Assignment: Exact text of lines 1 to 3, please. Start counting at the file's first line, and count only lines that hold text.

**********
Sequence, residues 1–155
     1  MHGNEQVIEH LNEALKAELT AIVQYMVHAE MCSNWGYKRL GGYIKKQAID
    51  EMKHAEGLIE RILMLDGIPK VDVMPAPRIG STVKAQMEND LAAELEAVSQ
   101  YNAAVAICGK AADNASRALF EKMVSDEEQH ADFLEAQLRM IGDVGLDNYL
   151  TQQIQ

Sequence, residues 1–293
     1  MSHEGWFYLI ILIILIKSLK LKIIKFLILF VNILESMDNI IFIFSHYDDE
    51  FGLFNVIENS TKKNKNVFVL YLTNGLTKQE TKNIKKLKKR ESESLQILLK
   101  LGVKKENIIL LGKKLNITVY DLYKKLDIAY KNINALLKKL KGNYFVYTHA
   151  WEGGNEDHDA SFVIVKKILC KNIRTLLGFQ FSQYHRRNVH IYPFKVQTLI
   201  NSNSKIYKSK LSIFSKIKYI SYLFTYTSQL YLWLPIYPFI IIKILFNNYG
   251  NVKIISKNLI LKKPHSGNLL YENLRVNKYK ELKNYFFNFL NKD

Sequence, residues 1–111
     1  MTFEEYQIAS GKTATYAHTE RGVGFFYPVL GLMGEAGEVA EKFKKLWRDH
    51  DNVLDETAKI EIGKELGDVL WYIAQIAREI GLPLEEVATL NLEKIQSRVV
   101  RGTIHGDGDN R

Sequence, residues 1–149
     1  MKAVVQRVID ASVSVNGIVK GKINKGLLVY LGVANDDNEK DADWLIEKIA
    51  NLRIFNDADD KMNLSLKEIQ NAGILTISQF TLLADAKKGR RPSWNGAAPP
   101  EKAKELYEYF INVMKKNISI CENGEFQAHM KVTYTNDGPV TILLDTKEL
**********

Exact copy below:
Sequence, residues 1–155
     1  MHGNEQVIEH LNEALKAELT AIVQYMVHAE MCSNWGYKRL GGYIKKQAID
    51  EMKHAEGLIE RILMLDGIPK VDVMPAPRIG STVKAQMEND LAAELEAVSQ